Date Published: July 21, 2016
Publisher: Public Library of Science
Author(s): Sashika N. Richards, Megan N. Nash, Eileen S. Baker, Michael W. Webster, Adele M. Lehane, Sarah H. Shafik, Rowena E. Martin, Akhil B. Vaidya.
Mutations in the Plasmodium falciparum ‘chloroquine resistance transporter’ (PfCRT) confer resistance to chloroquine (CQ) and related antimalarials by enabling the protein to transport these drugs away from their targets within the parasite’s digestive vacuole (DV). However, CQ resistance-conferring isoforms of PfCRT (PfCRTCQR) also render the parasite hypersensitive to a subset of structurally-diverse pharmacons. Moreover, mutations in PfCRTCQR that suppress the parasite’s hypersensitivity to these molecules simultaneously reinstate its sensitivity to CQ and related drugs. We sought to understand these phenomena by characterizing the functions of PfCRTCQR isoforms that cause the parasite to become hypersensitive to the antimalarial quinine or the antiviral amantadine. We achieved this by measuring the abilities of these proteins to transport CQ, quinine, and amantadine when expressed in Xenopus oocytes and complemented this work with assays that detect the drug transport activity of PfCRT in its native environment within the parasite. Here we describe two mechanistic explanations for PfCRT-induced drug hypersensitivity. First, we show that quinine, which normally accumulates inside the DV and therewithin exerts its antimalarial effect, binds extremely tightly to the substrate-binding site of certain isoforms of PfCRTCQR. By doing so it likely blocks the normal physiological function of the protein, which is essential for the parasite’s survival, and the drug thereby gains an additional killing effect. In the second scenario, we show that although amantadine also sequesters within the DV, the parasite’s hypersensitivity to this drug arises from the PfCRTCQR-mediated transport of amantadine from the DV into the cytosol, where it can better access its antimalarial target. In both cases, the mutations that suppress hypersensitivity also abrogate the ability of PfCRTCQR to transport CQ, thus explaining why rescue from hypersensitivity restores the parasite’s sensitivity to this antimalarial. These insights provide a foundation for understanding clinically-relevant observations of inverse drug susceptibilities in the malaria parasite.
Originally identified as the protein responsible for conferring resistance to the ‘wonder-drug’ chloroquine (CQ) [1, 2], the Plasmodium falciparum ‘chloroquine resistance transporter’ (PfCRT) has become a key player in the malaria parasite’s steadily expanding resistance to drugs [3–5]. The isoforms of PfCRT that confer CQ resistance (PfCRTCQR) render the parasite less susceptible to many other compounds [6–10], but also simultaneously induce hypersensitivity to a subset of structurally-diverse molecules [6, 10–18]. This phenomenon, whereby resistance to one drug causes hypersensitivity to another, is known as ‘inverse susceptibility’ or ‘collateral sensitivity’ and has been observed in a wide range of pathogens and cancer cells [19–22]. The growing awareness of the propensity of drug-resistant pathogens to exhibit hypersensitivity to one or more other drugs has sparked interest in the potential for exploiting this Achilles’ heel to combat existing drug resistance and to delay the emergence of resistance to new drugs . However, it is not known how PfCRTCQR isoforms induce hypersensitivity to certain drugs and, more generally, much remains to be understood about the molecular mechanisms that underpin collateral sensitivity in pathogens and cancer cells [20–22].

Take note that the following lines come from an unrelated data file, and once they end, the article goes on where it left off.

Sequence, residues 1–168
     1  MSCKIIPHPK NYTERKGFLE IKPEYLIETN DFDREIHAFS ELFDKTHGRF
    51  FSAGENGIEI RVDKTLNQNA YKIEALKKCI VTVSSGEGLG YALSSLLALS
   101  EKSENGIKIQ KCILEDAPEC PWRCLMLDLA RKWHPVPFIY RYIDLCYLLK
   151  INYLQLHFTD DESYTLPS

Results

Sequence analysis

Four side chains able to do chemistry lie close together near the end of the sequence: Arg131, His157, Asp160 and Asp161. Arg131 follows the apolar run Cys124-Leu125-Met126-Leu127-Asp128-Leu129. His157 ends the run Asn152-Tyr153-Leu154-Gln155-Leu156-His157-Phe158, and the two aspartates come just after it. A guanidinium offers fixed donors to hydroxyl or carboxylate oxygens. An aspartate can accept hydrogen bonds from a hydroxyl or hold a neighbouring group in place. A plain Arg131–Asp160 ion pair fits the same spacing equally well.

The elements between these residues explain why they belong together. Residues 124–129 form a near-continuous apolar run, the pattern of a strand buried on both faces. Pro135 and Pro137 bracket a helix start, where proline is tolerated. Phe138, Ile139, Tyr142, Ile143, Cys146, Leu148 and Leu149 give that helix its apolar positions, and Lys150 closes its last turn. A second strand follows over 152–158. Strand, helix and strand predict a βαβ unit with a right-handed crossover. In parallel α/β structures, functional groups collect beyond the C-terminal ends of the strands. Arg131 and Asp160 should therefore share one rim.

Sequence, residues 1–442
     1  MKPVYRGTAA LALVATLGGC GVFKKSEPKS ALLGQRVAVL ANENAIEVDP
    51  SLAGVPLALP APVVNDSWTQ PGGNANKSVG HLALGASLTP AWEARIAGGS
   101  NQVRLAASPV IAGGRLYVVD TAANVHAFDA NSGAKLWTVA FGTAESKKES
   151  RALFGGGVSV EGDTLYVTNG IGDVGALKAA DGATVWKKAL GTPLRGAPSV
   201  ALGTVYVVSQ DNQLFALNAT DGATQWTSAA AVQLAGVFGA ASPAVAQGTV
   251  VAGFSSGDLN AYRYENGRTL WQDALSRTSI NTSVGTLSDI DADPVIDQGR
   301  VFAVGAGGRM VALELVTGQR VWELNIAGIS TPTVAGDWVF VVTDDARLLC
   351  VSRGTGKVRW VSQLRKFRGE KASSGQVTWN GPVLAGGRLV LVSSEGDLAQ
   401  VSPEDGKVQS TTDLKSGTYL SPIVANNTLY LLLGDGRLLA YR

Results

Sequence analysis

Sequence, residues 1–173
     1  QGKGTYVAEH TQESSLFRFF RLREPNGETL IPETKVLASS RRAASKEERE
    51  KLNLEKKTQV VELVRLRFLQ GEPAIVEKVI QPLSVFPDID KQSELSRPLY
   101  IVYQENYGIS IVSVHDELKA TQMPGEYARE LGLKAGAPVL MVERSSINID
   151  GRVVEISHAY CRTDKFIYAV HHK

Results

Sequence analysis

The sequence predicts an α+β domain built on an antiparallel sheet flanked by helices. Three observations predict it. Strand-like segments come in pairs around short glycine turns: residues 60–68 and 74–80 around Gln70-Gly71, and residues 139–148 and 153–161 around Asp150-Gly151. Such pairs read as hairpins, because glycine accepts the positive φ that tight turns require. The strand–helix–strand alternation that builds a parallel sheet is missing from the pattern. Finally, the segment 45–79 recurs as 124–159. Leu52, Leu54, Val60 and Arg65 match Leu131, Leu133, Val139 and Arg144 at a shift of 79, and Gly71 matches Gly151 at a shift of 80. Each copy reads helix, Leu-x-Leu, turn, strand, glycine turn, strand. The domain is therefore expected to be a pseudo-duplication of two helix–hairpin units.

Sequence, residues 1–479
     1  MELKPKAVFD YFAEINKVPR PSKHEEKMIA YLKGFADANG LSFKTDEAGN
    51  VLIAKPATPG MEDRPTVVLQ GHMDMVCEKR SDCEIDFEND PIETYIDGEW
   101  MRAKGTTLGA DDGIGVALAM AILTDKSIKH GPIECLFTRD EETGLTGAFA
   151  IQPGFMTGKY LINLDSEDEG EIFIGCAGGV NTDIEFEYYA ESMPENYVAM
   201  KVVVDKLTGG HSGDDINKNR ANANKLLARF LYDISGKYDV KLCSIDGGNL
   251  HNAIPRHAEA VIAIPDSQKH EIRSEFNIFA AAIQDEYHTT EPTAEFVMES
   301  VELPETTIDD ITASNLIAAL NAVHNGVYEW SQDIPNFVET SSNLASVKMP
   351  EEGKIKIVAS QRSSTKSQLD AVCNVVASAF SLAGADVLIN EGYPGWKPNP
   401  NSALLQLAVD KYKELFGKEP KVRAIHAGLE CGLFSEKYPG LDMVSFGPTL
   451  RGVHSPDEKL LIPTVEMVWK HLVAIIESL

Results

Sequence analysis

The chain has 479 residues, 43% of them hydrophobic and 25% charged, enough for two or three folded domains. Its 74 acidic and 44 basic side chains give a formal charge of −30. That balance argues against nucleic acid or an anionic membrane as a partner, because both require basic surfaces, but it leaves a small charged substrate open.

Our work provides mechanistic explanations for the patterns of inverse susceptibility induced by PfCRT. First, we confirmed our previous observation  of there being a positive correlation between the capacity of a given PfCRT isoform for mediating CQ transport and the magnitude of CQ resistance achieved by the respective parasite (S7A Fig) and extended this relationship to include, with the notable exception of the QN-hypersensitive lines, a positive correlation between the quinine or quinidine transport activity of PfCRT and the parasite’s in vitro responses to these drugs (Fig 5A and S7B Fig). Moreover, we showed that in most cases, the isoforms of PfCRTK1 that possessed CQ transport activity also transported quinine and quinidine and vice versa. Together, these findings confirm a common role for PfCRT in reducing the accumulation of CQ, quinine, and quinidine within the DV and explain the tendency of CQ-resistant parasites to exhibit decreased susceptibilities to quinine and quinidine. However, our results resolve this phenomenon further by providing a fundamental insight into PfCRT-induced drug phenotypes: whether a given isoform of PfCRT alters the parasite’s susceptibility to a drug, and to what extent and in which direction, depends on the kinetics of the drug’s transport via PfCRT.